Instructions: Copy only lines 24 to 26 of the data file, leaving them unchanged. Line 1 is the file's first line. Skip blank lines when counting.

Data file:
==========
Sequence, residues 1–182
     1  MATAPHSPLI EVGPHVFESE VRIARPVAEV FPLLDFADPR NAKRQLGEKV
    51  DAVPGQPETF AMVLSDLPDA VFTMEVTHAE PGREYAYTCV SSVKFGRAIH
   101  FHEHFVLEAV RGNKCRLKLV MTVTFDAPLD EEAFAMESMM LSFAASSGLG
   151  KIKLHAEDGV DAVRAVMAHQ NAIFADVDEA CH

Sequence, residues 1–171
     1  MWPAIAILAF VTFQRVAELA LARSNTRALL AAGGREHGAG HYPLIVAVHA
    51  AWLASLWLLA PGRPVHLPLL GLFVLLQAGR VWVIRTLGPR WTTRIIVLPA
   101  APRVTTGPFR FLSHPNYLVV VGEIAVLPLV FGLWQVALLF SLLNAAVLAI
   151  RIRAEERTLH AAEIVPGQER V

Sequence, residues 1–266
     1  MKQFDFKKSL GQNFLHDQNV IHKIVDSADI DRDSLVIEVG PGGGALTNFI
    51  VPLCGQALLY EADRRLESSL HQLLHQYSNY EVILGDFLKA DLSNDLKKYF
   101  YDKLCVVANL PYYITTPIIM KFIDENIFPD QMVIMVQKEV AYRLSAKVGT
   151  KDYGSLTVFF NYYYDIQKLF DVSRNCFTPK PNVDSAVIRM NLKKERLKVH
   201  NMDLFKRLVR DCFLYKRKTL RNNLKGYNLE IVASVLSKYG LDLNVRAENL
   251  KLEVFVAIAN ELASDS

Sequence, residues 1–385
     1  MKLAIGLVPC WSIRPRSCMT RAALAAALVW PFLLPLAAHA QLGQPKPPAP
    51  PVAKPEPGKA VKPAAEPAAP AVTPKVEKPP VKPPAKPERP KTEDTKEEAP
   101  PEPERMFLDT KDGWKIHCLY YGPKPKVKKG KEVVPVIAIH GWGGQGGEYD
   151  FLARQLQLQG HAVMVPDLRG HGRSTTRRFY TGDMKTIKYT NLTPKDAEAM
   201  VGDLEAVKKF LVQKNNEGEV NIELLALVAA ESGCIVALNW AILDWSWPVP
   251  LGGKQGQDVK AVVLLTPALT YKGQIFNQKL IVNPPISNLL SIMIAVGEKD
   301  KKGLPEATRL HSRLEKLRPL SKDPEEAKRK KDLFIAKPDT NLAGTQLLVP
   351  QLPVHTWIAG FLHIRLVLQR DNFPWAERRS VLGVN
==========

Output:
   251  LGGKQGQDVK AVVLLTPALT YKGQIFNQKL IVNPPISNLL SIMIAVGEKD
   301  KKGLPEATRL HSRLEKLRPL SKDPEEAKRK KDLFIAKPDT NLAGTQLLVP
   351  QLPVHTWIAG FLHIRLVLQR DNFPWAERRS VLGVN